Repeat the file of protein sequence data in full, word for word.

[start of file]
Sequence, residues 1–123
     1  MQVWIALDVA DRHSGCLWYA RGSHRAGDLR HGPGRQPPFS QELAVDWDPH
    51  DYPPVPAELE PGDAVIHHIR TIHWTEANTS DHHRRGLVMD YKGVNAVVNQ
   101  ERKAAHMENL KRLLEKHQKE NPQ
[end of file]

Sequence, residues 1–123
     1  MQVWIALDVA DRHSGCLWYA RGSHRAGDLR HGPGRQPPFS QELAVDWDPH
    51  DYPPVPAELE PGDAVIHHIR TIHWTEANTS DHHRRGLVMD YKGVNAVVNQ
   101  ERKAAHMENL KRLLEKHQKE NPQ